• Helps work force issues – shortage of medical oncologists and possible excess of radiation oncologists.
• Role of radiation oncologist – CanMEDS roles may be enhanced provided workload acceptable.
• More cohesive and coordinated management of patients.
• Can be restricted to certain areas such as hormones and commonly used chemotherapy and biological agents.
• Increased involvement of pharmaceutical companies in radiation therapy
• Radiation therapist could see treatment reviews if workload is excessive which alleviates workload of radiation oncologists and enhances profile of radiation therapist.
Disadvantages of radiation oncologists in systemic therapies
• No great desire at present with majority of radiation oncologists and trainees not interested.
• Workload issue.
• Revision of curriculum may be required.
• Revision of training may be needed.
• Other roles of radiation oncologist difficult to fulfil if clinical workload is excessive.
• Those who do not participate in systemic therapy may feel inferior.
• Interference with medical oncologists.
• Increased resources required.
• Difficult to keep up-to-date with both systemic therapy and radiation oncology.
• After care of systemic side effects leads to some radiation oncologists not having an interest.
• Some radiation oncologists prefer to influence decision at multidisciplinary meeting level only.
• Potential increase in medical insurance premiums.
• Potential tension between peak bodies of radiation oncology and medical oncology.
• After hours on call and leave cover problematic if some radiation oncologists not normally involved with systemic therapy and specialisation in certain areas
• Confusion over funding from health authorities.
• Greater workload on ancillary staff.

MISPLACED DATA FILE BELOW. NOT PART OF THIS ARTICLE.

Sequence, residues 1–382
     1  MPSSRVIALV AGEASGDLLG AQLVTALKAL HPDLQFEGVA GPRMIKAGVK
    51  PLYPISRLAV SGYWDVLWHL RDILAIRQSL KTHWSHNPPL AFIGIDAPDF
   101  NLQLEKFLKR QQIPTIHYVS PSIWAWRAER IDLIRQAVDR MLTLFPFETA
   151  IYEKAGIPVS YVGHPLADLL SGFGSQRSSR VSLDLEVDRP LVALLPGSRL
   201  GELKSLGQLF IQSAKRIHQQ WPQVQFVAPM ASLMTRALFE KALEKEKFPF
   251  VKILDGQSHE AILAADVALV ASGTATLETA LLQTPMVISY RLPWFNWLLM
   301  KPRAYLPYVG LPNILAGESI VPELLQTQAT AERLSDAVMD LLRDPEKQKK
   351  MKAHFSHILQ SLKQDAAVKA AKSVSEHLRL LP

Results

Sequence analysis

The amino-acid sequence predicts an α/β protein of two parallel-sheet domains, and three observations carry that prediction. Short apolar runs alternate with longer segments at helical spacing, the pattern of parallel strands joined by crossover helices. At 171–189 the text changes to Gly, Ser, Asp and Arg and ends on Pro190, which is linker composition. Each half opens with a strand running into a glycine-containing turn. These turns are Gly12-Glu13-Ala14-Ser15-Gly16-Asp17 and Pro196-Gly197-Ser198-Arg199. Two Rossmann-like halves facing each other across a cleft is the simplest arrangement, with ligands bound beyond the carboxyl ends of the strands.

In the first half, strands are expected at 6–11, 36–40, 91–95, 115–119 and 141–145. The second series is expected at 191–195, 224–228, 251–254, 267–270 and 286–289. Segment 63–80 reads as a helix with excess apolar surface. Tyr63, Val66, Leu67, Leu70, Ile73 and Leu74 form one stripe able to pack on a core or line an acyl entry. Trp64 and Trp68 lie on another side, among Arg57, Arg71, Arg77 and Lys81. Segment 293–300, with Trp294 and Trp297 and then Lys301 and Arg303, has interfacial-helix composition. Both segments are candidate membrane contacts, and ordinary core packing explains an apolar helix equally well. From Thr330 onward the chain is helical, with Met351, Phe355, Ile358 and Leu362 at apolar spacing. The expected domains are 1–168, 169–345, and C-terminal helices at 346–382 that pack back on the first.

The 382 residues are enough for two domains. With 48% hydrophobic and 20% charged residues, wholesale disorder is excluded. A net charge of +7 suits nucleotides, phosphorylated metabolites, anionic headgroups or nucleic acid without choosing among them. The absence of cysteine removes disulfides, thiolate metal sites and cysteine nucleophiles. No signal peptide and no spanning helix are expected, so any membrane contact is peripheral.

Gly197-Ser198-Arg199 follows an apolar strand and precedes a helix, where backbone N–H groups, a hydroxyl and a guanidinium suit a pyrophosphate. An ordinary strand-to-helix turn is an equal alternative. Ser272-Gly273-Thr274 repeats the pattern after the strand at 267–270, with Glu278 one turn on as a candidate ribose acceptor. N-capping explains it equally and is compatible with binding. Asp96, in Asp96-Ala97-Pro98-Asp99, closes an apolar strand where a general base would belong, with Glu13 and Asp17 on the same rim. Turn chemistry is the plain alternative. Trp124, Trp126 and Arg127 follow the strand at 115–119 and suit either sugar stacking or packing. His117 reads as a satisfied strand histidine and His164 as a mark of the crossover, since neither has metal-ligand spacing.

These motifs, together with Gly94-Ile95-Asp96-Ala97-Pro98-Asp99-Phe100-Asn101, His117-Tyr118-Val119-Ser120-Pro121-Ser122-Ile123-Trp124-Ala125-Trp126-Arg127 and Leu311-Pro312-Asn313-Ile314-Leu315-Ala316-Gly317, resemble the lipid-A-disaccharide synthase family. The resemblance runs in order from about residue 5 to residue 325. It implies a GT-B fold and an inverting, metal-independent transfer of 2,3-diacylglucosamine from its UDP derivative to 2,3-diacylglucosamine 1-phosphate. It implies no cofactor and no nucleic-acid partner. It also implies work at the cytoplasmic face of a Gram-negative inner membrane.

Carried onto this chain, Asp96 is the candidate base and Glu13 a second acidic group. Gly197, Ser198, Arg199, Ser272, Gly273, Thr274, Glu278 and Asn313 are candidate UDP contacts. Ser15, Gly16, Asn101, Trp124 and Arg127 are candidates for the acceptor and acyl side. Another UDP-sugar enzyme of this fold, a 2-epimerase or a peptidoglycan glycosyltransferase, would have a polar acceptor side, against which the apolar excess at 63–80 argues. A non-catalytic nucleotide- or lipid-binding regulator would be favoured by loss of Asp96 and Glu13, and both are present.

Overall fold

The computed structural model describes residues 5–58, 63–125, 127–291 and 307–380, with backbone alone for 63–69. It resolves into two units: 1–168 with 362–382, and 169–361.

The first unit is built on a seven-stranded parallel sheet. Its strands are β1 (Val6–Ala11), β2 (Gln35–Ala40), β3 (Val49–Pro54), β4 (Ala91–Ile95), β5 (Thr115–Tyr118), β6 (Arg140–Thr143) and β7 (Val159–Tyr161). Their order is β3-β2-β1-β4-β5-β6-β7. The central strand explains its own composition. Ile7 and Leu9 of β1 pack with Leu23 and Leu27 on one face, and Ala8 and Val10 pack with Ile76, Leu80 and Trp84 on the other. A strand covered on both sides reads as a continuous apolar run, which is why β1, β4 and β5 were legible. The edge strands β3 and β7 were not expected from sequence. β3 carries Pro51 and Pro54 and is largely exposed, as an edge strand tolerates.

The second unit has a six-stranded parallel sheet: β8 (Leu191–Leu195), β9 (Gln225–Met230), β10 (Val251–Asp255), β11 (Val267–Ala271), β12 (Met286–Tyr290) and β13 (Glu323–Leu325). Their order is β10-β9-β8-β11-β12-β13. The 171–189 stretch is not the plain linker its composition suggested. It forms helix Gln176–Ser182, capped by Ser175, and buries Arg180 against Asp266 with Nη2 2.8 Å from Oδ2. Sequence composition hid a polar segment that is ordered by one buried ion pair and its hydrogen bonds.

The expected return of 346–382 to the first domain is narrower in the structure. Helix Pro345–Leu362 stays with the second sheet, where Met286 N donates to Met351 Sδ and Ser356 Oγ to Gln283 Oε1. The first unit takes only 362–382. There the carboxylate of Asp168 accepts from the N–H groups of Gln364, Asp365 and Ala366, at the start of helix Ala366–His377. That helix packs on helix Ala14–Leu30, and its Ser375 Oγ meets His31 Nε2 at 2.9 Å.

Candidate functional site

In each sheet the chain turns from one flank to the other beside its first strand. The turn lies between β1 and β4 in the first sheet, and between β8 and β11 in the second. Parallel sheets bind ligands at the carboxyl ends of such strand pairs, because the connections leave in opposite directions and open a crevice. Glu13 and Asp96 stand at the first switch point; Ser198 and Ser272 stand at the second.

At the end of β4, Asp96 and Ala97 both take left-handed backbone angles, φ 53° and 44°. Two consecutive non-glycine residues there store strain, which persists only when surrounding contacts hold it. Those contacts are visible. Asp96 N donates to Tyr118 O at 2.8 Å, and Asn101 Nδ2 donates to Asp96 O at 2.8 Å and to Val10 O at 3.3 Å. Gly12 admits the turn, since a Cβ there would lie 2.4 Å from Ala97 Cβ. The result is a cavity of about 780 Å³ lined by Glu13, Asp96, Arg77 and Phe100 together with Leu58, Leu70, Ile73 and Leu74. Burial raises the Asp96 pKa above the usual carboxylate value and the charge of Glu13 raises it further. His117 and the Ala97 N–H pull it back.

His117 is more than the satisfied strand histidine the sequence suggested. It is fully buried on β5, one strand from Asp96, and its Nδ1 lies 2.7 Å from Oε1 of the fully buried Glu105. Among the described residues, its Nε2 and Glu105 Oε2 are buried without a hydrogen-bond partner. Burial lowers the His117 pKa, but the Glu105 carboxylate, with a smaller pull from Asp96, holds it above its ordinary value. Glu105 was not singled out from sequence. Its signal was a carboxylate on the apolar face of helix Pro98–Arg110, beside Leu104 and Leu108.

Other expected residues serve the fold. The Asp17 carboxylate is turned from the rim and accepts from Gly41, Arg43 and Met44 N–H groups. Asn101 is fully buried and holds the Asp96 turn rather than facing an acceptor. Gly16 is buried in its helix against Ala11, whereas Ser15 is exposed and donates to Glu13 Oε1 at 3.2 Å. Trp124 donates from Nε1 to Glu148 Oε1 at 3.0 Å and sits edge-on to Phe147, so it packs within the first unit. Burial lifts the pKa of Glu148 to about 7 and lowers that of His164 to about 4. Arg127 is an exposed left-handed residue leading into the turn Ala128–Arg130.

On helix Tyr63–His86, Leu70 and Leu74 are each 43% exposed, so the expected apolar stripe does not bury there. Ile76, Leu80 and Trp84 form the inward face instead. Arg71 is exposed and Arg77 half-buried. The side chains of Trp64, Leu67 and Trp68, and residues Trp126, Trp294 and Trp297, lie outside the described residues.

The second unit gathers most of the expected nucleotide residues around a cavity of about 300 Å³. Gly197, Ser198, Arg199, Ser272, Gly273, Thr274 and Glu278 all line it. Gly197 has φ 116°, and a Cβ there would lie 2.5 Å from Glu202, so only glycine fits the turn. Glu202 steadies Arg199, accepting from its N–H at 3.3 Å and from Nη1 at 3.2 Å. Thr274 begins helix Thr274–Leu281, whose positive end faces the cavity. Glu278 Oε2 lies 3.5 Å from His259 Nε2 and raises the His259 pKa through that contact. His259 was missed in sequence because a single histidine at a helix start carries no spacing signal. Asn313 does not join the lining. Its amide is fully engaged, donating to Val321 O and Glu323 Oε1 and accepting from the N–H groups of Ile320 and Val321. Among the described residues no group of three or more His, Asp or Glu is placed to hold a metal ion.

There are a number of issues to consider if radiation oncologists now and in the future are to become more involved in systemic therapy. These include possible changes to the curriculum and training; continued professional development; the role of the radiation oncologist; resource allocation; after care of patients; issue with medical oncologists; workload and manpower issues; after hours and leave cover; subspecialisation; name change; patient outcomes and benefits; medical insurance; impact on hospitals, health funds, pharmaceutical companies, government organisations and the peak bodies of radiation and medical oncology; and, implications on ancillary staff.
Perhaps the most fundamental issue is whether there is a genuine need for radiation oncologists to be involved in systemic therapy. The Faculty survey in 2010 showed the majority of radiation oncologists and trainees were not interested in more involvement .
However, only a small part of the survey was devoted to this area. If the topic is to be pursued further a more detailed survey could be devised specifically focusing on this topic. If there is then genuine interest, the other obstacles could probably be overcome. It should be noted, even if there is a minority of radiation oncologists interested in this area, the issue may need to be explored further. This is especially so if there are reasonable numbers of radiation oncologists interested.